In further investigation, the overdraw appears to occur with NO_WINDOW widgets, but not with WINDOW widgets. This kind of makes sense to me, since NO_WINDOW widgets need their parent to draw their background. An inherent danger here is that I am mixing up WINDOW/NO_WINDOW versus opaque/not-opaque; we do have a hierarchy of GdkWindows but not a hierarchy of NSViews.
The final thing that I do not understand yet is that Mono.TextEditor is a WINDOW widget, so we cannot yet explain why overdraw is happening here. I need to get myself a local build of MonoDevelop to further investigate this and to see if disabling displayIfNeeded removes the overdraw in MonoDevelop. If so, I need to discuss with Mitch if it is theoretically seen possible to change to e.g. displayIfNeededIgnoringOpacity (could this for instance be plausible because GDK should handle opaque background drawing already?).
1. When I disable the vertical scrollbar in the Code Template Preferences Window, the massive overdraw on vertical scrolling (you will have to scroll with the keyboard) is gone. This gives a pointer to the fact that the scrollbar redraw might be the responsible for this behavior.
2. In comment 8 I mentioned the additional rectangles being drawn. These were rectangles at the bottom of the window, along the entire width and a 4 pixel height. It turns out that this draw is needed to update the rounded corners at the bottom of the window.
3. When one replaces displayIfNeeded with displayIfNeededIgnoringOpacity, then the rounded corners at the bottom are no longer drawn properly.
4. testtext does not show the massive overdraw behavior, even if the vertical scrollbar is visible. The "Application Window" demo in gtk-demo does as soon as the vertical scroll bar is active.
5. Even with displayIfNeededIgnoringOpacity, 'Application Window' seems to show the massive redraw behavior.
From 2 and 3 we now know it is very likely displayIfNeeded is functioning properly, by adding a small strip at the bottom of the window as additional rectangle. This rectangle is reported separately in the drawRect: method of GdkQuartzView.
The remaining question whether Cocoa is doing some kind of optimization by deciding to redraw a full region instead of separate regions even though the separate regions are reported through getRectsBeingDrawn: (this would not be surprising to me, because in the past I have seen cases where drawing 1 large area was faster than drawing several (say > 14) small ones) or whether GDK is drawing outside these regions (in that case, Cocoa would only clip the bounding box of the separate rects).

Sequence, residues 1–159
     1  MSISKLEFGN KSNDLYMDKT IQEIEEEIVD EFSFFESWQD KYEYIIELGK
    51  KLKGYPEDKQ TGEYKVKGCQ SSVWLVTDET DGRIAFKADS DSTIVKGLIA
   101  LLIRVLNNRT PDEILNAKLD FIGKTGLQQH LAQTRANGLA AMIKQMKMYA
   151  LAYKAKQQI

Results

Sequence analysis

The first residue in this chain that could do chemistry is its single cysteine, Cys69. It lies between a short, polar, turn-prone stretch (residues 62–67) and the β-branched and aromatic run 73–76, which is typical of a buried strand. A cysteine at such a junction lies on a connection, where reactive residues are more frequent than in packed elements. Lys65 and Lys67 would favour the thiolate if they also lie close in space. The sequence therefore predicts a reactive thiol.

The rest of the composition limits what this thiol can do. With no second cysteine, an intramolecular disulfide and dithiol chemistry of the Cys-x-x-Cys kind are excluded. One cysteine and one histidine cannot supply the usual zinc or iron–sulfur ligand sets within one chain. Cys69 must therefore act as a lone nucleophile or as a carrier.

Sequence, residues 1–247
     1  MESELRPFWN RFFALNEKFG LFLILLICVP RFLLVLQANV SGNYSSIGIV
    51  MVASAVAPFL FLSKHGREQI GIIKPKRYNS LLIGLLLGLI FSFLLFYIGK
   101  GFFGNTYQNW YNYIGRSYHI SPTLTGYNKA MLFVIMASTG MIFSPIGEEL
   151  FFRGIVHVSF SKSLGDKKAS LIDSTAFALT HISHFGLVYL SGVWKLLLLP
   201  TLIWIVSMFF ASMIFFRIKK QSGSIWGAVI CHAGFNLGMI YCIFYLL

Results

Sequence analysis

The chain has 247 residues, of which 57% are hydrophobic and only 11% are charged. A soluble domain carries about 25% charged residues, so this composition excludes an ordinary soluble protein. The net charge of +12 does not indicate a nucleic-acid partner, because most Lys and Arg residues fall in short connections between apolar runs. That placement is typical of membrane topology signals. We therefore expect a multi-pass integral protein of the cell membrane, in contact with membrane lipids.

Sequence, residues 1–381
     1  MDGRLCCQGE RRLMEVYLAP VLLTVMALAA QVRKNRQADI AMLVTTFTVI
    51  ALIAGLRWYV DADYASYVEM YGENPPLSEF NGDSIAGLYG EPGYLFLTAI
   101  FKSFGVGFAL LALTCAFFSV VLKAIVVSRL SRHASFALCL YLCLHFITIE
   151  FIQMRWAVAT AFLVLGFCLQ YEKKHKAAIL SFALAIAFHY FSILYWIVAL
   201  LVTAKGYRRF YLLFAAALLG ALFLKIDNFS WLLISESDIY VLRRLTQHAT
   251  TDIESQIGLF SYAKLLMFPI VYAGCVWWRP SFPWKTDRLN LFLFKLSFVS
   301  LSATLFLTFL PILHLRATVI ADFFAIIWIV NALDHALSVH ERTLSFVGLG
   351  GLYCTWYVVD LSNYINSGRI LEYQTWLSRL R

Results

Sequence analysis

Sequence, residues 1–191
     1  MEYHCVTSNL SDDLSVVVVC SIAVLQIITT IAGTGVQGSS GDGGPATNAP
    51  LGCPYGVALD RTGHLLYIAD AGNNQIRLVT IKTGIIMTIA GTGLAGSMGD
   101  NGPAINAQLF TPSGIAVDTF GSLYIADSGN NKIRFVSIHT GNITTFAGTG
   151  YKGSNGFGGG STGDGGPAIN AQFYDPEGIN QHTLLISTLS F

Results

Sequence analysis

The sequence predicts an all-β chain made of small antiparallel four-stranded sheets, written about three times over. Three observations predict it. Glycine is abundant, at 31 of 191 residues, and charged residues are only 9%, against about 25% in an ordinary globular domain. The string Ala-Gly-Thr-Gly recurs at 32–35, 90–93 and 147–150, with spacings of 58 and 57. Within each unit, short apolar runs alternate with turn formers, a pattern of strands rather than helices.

Created attachment 1779 [details]
Make gtk_window_paint use the region when available
GTK+ is at fault, GtkWindow is using event->area to redraw the window background even when event->region is available. This patch removes the cases of overdrawing I have seen in the various GTK+ demos. I cannot test with MonoDevelop at the moment because I don't have a 32-bit build of the GTK+ stack at hand, but I am confident it is exactly the same issue.
I have no real idea if this patch is upstreamable, I need to discuss that with Mitch.
This looks absolutely right in order to avoid excessive drawing, but
the patch leaks the rectangles returned by gdk_region_get_rectangles(),
and a GdkEventExpose always has a region, so the if() is not needed.
We use the same method on the GIMP canvas to reduce drawing to what
has actually been exposed.
Could you please update the patch with those changes, then I'll test it with MD?
Created attachment 1858 [details]
Updated patch with the mentioned fixes
As a nice side effect, this patch also seems to significantly reduce
overdrawing artifacts with the kinetic scrolling patch :)
That's a lot better, especially the MD preferences dialog. I've applied it to bockbuild.
I'm still not sure why Quartz Debug shows updates for the exposed areas of builtin GTK widgets but the exposed *and* scroll-blitted areas of the MD text editor. The this might just be an artifact of the way it delays/displays updates when gdk_window_process_updates is used. Scrolling in Cocoa apps show whole widgets updating, and perf seems fine on MD, both of which support this theory. So I'm not really concerned about the text editor redraw.
The clipping fixes are important more because they fix actual redraw artifacts. For example, this also fixes an old redraw bug in the source editor's search widgets that can be seen in http://screencast.com/t/iXACJLSJvY0q. Note that MD has a workaround for that issue, packing the widgets into visible eventboxes - I disabled it for the demonstration. The workaround is imperfect as it makes the background color slightly wrong in some states.
However, I am still seeing a little bit of redraw leak along the bottom and bottom corners of the window. It looks like it's the resize areas.
> However, I am still seeing a little bit of redraw leak along the bottom and
> bottom corners of the window. It looks like it's the resize areas.
I am not sure this is a leak; in comment 9 I mentioned that these redraws appear to be there to update the rounded corners at the left and right bottom corners. When displayIfNeededIgnoringOpacity is used instead, these corners are not redrawn.
Ah, I didn't see that, sorry. Well, it's not a big deal.
I guess that can be closed ?
If you don't see the issue any longer, it's because of the attached patch,